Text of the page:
* Mursi supporters signal may be willing for deal
* Egyptian pound strengthens, encourages buyers
* Saudi hits five-year high, breaks big chart barrier
* Kuwait slips but new cabinet seen positive
* UAE markets extend gains
By Nadia Saleem
DUBAI, Aug 4 (Reuters) - Egypt's bourse surged to a five-month high on Sunday as signs that supporters of deposed president Mohamed Mursi might be willing to compromise with the interim government raised hopes for a political resolution after weeks of street violence.
A spokesman for a pro-Mursi delegation said it wanted a solution that would "respect all popular desires", a sign that supporters could be backing away from demands to reinstate Mursi.
Also, the weekend passed without major violence. Many investors had been concerned there could be more bloodshed if the army took action against Mursi supporters protesting on the streets; security forces shot dead 80 of them a week ago.
"There has been a slight fall in the political temperature in the past couple of days - we haven't seen really serious clashes such as those of early July," said Simon Kitchen, strategist at EFG-Hermes in Cairo.
"The investment outlook on Egypt is improving but remains volatile."
Cairo's benchmark index rose 2.9 percent to 5,530 points, its highest close since Feb. 26, making its largest one-day gain in nearly four weeks. Trading volume spiked.
The market may get a boost this week from the buyout of Orascom Construction Industries (OCI) ; OCI, previously Cairo's largest stock by market value, was removed from the main index last week after Dutch-listed OCI NV acquired more than 97 percent of the Egyptian firm in a cash-or-shares tender offer. OCI NV said the offer would be settled on Aug. 5; some of the money may go back into the stock market.
A surprise cut of the main official overnight interest rate in Egypt by 50 basis points late on Thursday also supported investor sentiment.
Egypt's pound continued to strengthen marginally on Sunday in the wake of the rate cut, though it was unclear how much the central bank was engineering the appreciation as a confidence-boosting measure.
Billions of dollars in Gulf aid promised since the army overthrew the president have begun to trickle into the currency market, easing pressure on the pound.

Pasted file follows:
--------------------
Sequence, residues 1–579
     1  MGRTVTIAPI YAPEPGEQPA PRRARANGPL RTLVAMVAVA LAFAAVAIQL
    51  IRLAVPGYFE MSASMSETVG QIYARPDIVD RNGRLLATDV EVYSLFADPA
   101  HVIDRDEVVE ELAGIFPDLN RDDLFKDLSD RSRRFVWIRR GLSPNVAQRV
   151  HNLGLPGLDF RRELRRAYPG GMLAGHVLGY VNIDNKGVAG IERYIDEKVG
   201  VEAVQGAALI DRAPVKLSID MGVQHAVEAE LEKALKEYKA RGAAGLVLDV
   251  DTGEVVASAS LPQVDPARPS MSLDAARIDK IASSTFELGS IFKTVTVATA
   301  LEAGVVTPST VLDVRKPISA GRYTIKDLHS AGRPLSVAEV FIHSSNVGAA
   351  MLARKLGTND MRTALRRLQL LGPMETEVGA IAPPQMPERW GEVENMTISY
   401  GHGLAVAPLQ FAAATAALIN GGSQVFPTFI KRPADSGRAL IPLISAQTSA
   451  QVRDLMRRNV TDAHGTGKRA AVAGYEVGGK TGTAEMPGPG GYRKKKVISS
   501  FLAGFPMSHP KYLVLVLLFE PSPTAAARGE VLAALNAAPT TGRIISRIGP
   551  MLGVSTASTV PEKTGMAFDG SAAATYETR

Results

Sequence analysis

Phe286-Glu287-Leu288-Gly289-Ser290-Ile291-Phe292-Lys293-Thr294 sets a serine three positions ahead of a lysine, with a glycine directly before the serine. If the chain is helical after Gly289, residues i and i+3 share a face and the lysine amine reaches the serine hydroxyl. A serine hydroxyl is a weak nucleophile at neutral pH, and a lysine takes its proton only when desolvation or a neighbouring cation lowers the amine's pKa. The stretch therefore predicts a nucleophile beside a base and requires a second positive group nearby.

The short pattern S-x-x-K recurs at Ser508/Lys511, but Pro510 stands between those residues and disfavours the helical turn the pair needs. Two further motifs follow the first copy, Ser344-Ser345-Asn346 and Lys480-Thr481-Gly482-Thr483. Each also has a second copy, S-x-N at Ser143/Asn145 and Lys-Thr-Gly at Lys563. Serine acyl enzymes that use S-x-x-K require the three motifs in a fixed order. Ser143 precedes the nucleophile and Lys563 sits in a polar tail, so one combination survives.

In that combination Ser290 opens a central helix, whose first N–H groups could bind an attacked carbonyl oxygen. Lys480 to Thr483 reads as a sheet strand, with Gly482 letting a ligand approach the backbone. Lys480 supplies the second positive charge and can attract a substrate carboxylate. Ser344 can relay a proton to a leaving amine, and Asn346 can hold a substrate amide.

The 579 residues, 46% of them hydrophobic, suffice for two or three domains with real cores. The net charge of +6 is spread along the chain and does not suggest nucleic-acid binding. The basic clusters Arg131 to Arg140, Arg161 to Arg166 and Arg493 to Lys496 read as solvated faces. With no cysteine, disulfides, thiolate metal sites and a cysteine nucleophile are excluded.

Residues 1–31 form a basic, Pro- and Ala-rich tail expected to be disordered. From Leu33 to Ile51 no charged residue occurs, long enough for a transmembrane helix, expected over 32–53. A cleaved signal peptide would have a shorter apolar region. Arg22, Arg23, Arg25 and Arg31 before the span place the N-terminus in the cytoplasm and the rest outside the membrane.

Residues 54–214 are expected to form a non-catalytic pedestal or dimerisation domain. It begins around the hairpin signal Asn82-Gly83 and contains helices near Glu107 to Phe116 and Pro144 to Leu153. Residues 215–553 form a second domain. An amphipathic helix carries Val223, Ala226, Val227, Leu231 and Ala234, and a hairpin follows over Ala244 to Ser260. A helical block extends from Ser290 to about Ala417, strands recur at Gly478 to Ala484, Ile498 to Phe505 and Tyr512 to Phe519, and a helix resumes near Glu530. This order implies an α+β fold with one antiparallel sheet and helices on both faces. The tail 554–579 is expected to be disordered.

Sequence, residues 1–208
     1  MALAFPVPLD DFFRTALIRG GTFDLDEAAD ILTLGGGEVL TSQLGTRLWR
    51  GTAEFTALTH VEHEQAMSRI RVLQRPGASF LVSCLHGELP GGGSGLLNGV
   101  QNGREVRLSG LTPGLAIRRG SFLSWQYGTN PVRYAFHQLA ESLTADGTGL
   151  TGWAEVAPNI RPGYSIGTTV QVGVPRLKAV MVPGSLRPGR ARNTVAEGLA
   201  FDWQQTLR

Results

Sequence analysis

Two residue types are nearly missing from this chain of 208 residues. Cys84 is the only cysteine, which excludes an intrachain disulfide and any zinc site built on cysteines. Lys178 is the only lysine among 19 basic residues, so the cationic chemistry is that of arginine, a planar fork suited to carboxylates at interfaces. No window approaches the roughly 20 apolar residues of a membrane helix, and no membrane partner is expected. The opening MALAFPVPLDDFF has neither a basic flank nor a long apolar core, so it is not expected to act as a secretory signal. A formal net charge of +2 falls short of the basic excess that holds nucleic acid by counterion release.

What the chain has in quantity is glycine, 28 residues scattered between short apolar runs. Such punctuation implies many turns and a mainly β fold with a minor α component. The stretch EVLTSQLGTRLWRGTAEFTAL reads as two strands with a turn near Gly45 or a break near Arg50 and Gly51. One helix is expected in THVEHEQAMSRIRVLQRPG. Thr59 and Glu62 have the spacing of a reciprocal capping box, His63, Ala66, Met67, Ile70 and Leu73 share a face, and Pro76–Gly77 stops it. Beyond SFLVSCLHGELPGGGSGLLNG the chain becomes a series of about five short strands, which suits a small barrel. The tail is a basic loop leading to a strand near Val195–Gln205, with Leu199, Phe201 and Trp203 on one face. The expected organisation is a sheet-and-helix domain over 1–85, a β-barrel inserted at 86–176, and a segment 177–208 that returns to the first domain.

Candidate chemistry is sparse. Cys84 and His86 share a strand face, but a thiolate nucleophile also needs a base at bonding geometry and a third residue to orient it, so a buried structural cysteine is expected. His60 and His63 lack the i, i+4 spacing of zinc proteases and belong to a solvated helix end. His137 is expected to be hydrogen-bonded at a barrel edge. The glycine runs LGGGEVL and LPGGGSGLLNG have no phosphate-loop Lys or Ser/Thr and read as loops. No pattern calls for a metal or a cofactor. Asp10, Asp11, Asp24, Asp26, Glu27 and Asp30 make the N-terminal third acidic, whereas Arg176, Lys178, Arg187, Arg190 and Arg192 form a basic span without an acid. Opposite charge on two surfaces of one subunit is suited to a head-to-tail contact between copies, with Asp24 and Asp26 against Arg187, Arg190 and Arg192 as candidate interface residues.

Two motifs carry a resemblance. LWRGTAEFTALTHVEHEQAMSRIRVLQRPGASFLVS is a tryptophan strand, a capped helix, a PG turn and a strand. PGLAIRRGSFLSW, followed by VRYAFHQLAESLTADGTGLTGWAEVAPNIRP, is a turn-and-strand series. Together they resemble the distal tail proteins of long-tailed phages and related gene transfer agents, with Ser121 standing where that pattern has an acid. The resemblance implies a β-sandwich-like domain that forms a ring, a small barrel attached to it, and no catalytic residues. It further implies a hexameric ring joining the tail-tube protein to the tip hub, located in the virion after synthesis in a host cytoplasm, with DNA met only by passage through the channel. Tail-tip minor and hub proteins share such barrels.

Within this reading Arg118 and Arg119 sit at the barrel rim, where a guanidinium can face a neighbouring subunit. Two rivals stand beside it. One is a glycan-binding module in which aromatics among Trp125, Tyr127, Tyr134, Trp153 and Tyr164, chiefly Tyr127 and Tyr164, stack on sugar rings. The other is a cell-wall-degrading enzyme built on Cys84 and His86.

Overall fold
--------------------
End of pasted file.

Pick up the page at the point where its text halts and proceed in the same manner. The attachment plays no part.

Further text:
"Currency concerns have decreased for the short-term, but you won't see foreigners pile in," Kitchen added.
Local investors were net buyers of Egyptian stocks on Sunday while foreigners were sellers, bourse data showed.
The index appeared to stage a clean break of major technical resistance around the 5,450-point area, which capped it in May and July. The next major resistance is at the January peak of 5,884 points.
In Saudi Arabia, the index rose 0.8 percent to 7,972 points, its highest since September 2008. It closed above a major resistance at 7,944 points, the April 2012 peak; that is long-term bullish and leaves no major chart barrier before 8,782 points, the 61.8 percent retracement of the fall from January 2008.
Trading volumes were healthy despite the approach of Eid holidays later this week.
Sectors that benefit from local consumption led gains. The retail sector index and telecommunications rose 1.0 and 2.1 percent respectively; food and agriculture gained 1.5 percent.
With limited growth seen in heavyweight Saudi banks and petrochemical firms, investors are chasing mid-cap firms with higher growth outlooks.
In Kuwait, the index slipped 0.7 percent, trimming its 2013 gains to 35.4 percent. Investors are booking some profits from the rally, but many see the choice of a new cabinet on Sunday, after last month's parliamentary elections, as positive.
Mustapha al-Shamali was appointed oil minister, after serving as acting minister, and the finance ministry, which Shamali previously led, will now be headed by Sheikh Salem Abdul-Aziz al-Sabah.
"People believe this is a parliament that will rejuvenate the economy - it is also more inclusive of individuals with different political inclinations," said Fouad Darwish, head of brokerage services at Global Investment House.
Early last year Sheikh Salem resigned as central bank governor after 25 years in the post, complaining about a rapid rise in government spending. This suggests he could be something of a budget hawk in his new job.
However, with Kuwait still posting large budget surpluses, he is not expected to cut overall spending back, merely slow its growth moderately. In any case the new parliament, seen as willing to cooperate with the cabinet, is expected to give increased priority to long-delayed development projects to spur the economy.
Elsewhere, underpinned by strong second-quarter earnings, Dubai's measure rose 1.1 percent to a fresh 56-month high, while Abu Dhabi's index gained 0.2 percent.
Dubai engineering and maintenance firm Drake and Scull rose 2.6 percent in active trade. The firm was expected to post earnings later on Sunday or on Monday; five analysts polled by Reuters forecast a quarterly profit of 49.5 million dirhams, a 90 percent jump from a year earlier.
Doha's index climbed 0.6 percent to its highest close since September 2008.
* The index rose 2.9 percent to 5,530 points.
* The index rose 0.8 percent to 7,972 points.
* The index slipped 0.7 percent to 8,033 points.
* The index climbed 1.1 percent to 2,624 points.
* The index gained 0.2 percent to 3,931 points.
* The index advanced 0.6 percent to 9,765 points.
* The index gained 0.3 percent to 6,677 points.
* The index slipped 0.6 percent to 1,192 points.